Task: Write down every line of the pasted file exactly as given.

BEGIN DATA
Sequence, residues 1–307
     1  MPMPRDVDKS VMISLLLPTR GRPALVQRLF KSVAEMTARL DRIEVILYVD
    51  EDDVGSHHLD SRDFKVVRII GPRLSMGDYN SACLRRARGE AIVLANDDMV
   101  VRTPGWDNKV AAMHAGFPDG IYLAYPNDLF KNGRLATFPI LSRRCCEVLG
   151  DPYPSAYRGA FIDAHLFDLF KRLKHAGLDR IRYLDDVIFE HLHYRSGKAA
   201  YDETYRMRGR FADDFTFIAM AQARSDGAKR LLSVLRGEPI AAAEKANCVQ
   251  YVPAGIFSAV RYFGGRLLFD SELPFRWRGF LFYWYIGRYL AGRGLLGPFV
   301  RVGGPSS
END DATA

Sequence, residues 1–307
     1  MPMPRDVDKS VMISLLLPTR GRPALVQRLF KSVAEMTARL DRIEVILYVD
    51  EDDVGSHHLD SRDFKVVRII GPRLSMGDYN SACLRRARGE AIVLANDDMV
   101  VRTPGWDNKV AAMHAGFPDG IYLAYPNDLF KNGRLATFPI LSRRCCEVLG
   151  DPYPSAYRGA FIDAHLFDLF KRLKHAGLDR IRYLDDVIFE HLHYRSGKAA
   201  YDETYRMRGR FADDFTFIAM AQARSDGAKR LLSVLRGEPI AAAEKANCVQ
   251  YVPAGIFSAV RYFGGRLLFD SELPFRWRGF LFYWYIGRYL AGRGLLGPFV
   301  RVGGPSS